Monday, October 25, 2004

Sell The Red Car

Four years ago you bought a car. Red is your favorite color. The car was red and cute and you fell in love with it. The blue car was sensible and boring, so you bought the red one instead. Ever since then it has pulled dangerously to the right. You’ve gone into the ditch several times. You’ve hit pedestrians. Maybe some of them should have been more careful, but that’s hardly the point. Now everybody runs when they see you coming. You maybe don’t notice it, but people are beginning to laugh. You tell yourself none of that matters; it’s your car after all. But it does matter.

What matters, is that the car doesn’t work the way you were told it would. The way it drives is making it very expensive to insure. People won’t ride with you. That should matter to you. Some of the features they sold you on were never actually in the car. They say they’re going to install these things, but have they? The features that are there have never worked the way they’re supposed to. This is important, too. There’s no left hand turn signal. You say that’s O.K., because the car won’t turn left anyway, but shouldn’t a car be able to turn left now and then, just to keep you on the road? Shouldn’t you have that choice? You can’t believe the fuel gauge. The car keeps stalling in traffic, which is embarrassing. There are no brakes. The AC is worthless. The heater only works in the summer. The car burns oil and guzzles gas. (Do we need to make a list?) Wherever you go you trail a poisonous blue cloud behind you, which can’t be very good for your health, or your neighbors’. Because it’s so unreliable, it’s making you unreliable too. Your job is in jeopardy. You bought it because it was cheap, but the repairs and hidden costs are bankrupting you. Other people are getting rich at your expense. Still, it’s red, which is your favorite color, and you love it. What should you do?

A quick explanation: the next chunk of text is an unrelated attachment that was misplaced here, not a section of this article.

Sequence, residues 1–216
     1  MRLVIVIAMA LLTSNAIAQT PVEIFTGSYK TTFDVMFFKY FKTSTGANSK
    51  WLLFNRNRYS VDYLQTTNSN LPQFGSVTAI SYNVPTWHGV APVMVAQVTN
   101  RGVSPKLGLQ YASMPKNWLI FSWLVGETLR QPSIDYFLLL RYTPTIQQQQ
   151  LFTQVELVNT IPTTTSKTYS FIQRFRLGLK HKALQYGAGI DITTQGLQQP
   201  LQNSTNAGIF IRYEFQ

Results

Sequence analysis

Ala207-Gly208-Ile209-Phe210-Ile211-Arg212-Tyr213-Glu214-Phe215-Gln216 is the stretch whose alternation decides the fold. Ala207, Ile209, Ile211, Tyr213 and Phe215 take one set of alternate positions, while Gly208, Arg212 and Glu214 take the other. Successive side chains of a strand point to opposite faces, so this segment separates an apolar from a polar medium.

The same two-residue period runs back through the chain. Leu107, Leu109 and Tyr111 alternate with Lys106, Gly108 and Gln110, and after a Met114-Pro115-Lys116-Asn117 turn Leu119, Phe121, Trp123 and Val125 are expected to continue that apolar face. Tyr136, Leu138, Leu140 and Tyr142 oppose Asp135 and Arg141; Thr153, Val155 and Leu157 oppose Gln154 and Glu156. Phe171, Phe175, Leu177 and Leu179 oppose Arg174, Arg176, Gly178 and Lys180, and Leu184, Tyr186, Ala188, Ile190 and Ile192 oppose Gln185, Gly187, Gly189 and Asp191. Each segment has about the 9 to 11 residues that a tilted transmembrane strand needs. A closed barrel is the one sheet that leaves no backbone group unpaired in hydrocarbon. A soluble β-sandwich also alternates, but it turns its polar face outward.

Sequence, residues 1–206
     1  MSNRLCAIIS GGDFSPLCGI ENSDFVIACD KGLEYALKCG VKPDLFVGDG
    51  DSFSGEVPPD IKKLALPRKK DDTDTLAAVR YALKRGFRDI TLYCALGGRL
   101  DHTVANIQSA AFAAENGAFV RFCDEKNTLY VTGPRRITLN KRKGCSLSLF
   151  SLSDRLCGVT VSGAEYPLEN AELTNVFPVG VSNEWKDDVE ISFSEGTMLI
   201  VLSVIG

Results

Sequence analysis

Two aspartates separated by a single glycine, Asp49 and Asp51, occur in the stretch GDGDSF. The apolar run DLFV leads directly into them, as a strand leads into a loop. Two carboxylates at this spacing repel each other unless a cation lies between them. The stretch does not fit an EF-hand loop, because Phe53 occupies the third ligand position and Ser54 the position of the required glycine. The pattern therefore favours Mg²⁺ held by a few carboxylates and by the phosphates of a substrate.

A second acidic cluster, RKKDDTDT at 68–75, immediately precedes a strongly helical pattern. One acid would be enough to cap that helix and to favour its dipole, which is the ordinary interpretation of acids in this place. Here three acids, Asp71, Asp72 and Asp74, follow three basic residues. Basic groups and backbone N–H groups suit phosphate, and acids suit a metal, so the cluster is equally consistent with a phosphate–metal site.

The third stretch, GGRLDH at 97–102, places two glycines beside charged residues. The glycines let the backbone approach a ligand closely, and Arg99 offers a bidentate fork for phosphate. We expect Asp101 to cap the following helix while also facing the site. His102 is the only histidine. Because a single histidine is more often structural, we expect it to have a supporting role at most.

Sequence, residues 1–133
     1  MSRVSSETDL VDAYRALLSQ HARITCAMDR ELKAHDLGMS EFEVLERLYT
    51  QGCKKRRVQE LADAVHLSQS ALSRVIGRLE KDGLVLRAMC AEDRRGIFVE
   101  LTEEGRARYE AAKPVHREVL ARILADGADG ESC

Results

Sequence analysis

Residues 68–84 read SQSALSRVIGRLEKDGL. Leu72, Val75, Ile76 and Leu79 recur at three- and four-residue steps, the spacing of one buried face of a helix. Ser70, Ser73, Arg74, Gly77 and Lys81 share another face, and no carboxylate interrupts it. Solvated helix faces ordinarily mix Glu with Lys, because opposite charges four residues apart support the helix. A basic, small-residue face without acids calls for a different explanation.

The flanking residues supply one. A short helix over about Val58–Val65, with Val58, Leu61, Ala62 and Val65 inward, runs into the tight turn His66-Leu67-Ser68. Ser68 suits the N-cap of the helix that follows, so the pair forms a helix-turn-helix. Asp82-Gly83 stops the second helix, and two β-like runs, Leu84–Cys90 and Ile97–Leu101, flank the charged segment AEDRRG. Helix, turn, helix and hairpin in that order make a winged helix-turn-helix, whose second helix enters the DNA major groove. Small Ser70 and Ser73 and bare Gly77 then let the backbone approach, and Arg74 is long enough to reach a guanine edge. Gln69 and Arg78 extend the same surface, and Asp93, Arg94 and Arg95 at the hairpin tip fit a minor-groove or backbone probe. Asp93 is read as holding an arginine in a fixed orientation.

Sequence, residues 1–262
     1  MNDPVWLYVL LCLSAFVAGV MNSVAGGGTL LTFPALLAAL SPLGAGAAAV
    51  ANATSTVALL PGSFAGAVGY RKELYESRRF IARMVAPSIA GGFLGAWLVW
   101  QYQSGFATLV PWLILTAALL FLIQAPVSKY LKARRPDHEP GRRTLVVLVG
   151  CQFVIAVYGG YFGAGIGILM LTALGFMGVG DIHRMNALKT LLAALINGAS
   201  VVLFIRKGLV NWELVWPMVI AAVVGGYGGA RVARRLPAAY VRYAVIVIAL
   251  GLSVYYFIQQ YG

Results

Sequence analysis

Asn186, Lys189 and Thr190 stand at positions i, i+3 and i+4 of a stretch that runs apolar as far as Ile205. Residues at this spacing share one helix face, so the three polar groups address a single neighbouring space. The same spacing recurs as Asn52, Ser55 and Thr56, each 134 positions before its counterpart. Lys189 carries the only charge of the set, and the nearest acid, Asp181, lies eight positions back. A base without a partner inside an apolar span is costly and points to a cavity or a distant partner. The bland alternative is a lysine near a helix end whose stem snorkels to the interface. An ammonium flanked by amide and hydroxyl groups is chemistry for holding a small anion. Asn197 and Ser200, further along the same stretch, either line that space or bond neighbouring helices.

It may embarrass you. It might make you look like a flip-flopper. But I think you should sell the red car. Get rid of it. That would be the smart thing to do. Being patient, sticking with something no matter what, sometimes makes you look like a stubborn fool, which you’re not. This car is a real lemon. I think it sounds dangerous. Believing in this car isn’t going to make it run any better. (The only people who still believe in the red car are the ones who sold it to you in the first place. Think about that.) Love shouldn’t blind you to a car’s shortcomings. Sell it. You don’t need to tell anyone about it. Is it anyone else’s business? If people ask, you can just say someone stole it out of your driveway. You can laugh about that. Sell the darn thing. The next car you buy may not be perfect, it may not be red, it might even be blue, but it’s sure to run a heck of a lot better than this one.

(There's very little time left. Copy, paste and send this to anyone who might still be persuaded, and let's turn this country back to true blue. Pasquino)


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